n June, Showtime president David Nevins canceled the network's period drama The Borgias a full season before its creator Neil Jordan originally intended — and the show's tiny but passionate fan base was, predictably, less than pleased. After mounting an extensive social media campaign to try and get the series resurrected, they hired a plane with a banner that read "D Nevins: Sho fans you care — save The Borgias" to fly over the Television Critics' Association press tour.
Nevins was unmoved. The closest he came to offering any solace for Borgias fans was a vague reference suggesting a Borgias Kickstarter campaign, noting that the crowdfunding service was recently used to resurrect the cult TV favorite Veronica Mars. But let's be honest: A period piece like The Borgias is too expensive for a Kickstarter project, and it lacks both the critical support and sizable fan base required to make such a campaign a success. So just like that — like so many canceled shows before it — The Borgias was dead, destined for a relatively unmourned burial in a potter's field.
But then something interesting happened. On Monday, Showtime quietly announced that The Borgias would be continued after all. Not as a TV series, and not even as the made-for-TV movie originally proposed by creator Neil Jordan — but as an e-book called The Borgia Apocalypse, based on Jordan's script, which would offer fans the definitive ending to the story that Jordan has always planned.
Maybe this strikes you as weird. But TV shows and books have been cross-pollinating for decades. During its heyday, The X-Files was adapted into everything from young adult novels to comic books. The world of ABC's cult classic Twin Peaks was expanded with books like The Secret Diary of Laura Palmer (written by Jennifer Lynch, the daughter of series creator David Lynch) and The Autobiography of F.B.I. Special Agent Dale Cooper: My Life, My Tapes (written by Scott Frost, brother of series co-creator Mark Frost). There are literally hundreds of books based on the various Star Trek series, including an entire series co-written by William Shatner. More recently, FX's Justified received a kind of parallel-universe side story with Elmore Leonard's Raylan.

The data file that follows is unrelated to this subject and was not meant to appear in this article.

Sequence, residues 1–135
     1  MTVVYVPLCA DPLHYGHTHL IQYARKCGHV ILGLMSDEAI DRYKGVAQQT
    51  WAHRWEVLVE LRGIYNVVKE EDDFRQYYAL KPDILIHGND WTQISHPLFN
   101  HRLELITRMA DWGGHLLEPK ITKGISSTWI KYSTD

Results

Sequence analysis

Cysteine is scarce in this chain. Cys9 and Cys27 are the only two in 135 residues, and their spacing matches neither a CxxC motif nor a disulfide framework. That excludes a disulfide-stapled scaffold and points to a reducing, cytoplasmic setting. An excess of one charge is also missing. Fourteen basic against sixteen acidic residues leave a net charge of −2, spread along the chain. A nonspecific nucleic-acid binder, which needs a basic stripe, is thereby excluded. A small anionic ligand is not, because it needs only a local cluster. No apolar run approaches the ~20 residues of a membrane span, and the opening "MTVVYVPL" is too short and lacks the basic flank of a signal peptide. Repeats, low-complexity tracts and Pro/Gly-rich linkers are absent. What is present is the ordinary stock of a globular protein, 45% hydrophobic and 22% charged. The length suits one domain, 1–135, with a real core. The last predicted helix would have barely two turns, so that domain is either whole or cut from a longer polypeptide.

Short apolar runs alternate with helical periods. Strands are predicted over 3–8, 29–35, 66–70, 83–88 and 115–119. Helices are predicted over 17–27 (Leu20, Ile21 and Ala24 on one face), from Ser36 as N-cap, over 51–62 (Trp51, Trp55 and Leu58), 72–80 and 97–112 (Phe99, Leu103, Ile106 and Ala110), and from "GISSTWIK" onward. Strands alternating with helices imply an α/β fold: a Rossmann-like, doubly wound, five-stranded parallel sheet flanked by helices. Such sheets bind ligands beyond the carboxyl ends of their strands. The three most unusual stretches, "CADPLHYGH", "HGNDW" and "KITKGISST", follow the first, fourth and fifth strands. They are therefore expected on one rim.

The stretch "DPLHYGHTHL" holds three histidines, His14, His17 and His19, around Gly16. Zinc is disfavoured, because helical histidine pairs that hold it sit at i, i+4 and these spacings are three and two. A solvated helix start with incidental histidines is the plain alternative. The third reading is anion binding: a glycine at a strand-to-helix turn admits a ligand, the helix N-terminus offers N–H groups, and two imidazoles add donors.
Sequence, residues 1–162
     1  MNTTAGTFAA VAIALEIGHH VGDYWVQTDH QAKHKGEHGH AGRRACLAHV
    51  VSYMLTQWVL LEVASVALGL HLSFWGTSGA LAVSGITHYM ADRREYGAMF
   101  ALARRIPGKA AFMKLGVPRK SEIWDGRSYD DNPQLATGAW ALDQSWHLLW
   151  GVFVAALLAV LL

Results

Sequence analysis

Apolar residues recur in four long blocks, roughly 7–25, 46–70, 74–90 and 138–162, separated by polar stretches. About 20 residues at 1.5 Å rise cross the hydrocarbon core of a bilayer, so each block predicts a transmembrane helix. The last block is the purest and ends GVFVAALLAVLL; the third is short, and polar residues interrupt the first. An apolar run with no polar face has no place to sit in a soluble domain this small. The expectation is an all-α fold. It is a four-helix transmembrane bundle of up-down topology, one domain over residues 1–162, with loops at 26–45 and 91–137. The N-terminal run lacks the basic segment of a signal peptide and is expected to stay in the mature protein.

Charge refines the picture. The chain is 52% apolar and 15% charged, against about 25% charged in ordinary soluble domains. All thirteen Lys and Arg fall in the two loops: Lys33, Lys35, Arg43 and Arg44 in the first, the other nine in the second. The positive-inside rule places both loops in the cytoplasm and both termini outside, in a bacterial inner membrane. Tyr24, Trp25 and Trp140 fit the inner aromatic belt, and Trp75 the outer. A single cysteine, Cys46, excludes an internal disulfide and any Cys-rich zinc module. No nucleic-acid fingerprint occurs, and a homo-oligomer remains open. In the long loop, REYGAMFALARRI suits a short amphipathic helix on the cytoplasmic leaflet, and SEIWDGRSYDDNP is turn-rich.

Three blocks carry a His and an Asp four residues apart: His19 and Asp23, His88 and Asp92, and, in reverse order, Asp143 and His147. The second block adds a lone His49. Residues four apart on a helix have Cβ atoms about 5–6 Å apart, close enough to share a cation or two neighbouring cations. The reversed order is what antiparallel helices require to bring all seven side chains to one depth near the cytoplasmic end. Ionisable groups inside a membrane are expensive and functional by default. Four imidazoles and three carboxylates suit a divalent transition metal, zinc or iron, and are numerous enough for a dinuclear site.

But The Borgias Apocalypse is something new: A book, written by a prematurely canceled show's creator, designed to wrap things up as originally intended. This isn't about squeezing extra dollars out of an aging franchise, or continuing it indefinitely until it ceases to be profitable; it is, for all intents and purposes, a series finale in book form — for a show that would otherwise have gone without an ending.
We're in the midst of a new renaissance of transmedia storytelling. Movies like Cloverfield and The Dark Knight have drummed up extra buzz with elaborate alternate reality games that encourage fans to use the internet to follow the story's scripted scenarios into the real world. Earlier this year, SyFy premiered Defiance, a TV drama that's closely interwoven with a massive multiplayer online video game of the same name.
There are opportunities for cross-platform storytelling beyond new technology. We can also look back to the past. There's a lot to recommend about continuing a canceled series in literary form. It leaves a show's cast and creative team free to move on to other projects without cheating fans who want to see the story to its conclusion. It allows the writer infinite license to make the story as extravagant and far-reaching as he'd like it to be. Most importantly, it's infinitely cheaper than reassembling a cast and rebuilding a set — which means that the story is far more likely to arrive uncompromised by financial or creative constraints.
This is, to be sure, a last resort, and it wouldn't work for every show as well as it works for The Borgias. (Arrested Development's layered, gag-heavy storytelling would be incomprehensible on the page.) But there are also plenty of other prematurely canceled shows that would benefit from a second life in literature. Deadwood's long-fabled continuation, which would allegedly have taken the form of two made-for-TV movies, seems to be dead in the water — but it's easy to imagine their stories being re-purposed as a literary western. Carnivale's tenuously outlined future could make a wonderfully creepy historical horror novel. Bored to Death began life as a short story by series creator Jonathan Ames, and if a proposed TV movie follow-up falls through, there's no reason Ames couldn't take his comic-mystery back to the same place it began.
It remains to be seen whether or not The Borgias Apocalypse is even any good — but however the actual product turns out, the idea behind it is rife with possibilities. The creators get to wrap up their story as intended, the fans get the closure they want, and the networks get a low-cost way to appease both sides and get a cut of the profits. It's the rare win/win/win in show business, and that's enough to make it worth considering giving any newly cancelled TV series a second life in print.
THE WEEK'S AUDIOPHILE PODCASTS: LISTEN SMARTER
- How my boyfriend and I learned to live on one income
- He said he was leaving. She ignored him.
- Why the poor's investment of choice is so alarming
- Why Texas Republicans may want to cool the anti-Obama land-grab talk
- Why China's Communist Party is headed for collapse
- 31 TV shows to watch in 2014
- Why atheism doesn't have the upper hand over religion
- Why conservatives see rural America as the 'real' America
- How to make perfect fried rice in 6 easy steps
- Affirmative action is doomed. Here's what progressives should do about it.
Subscribe to the Week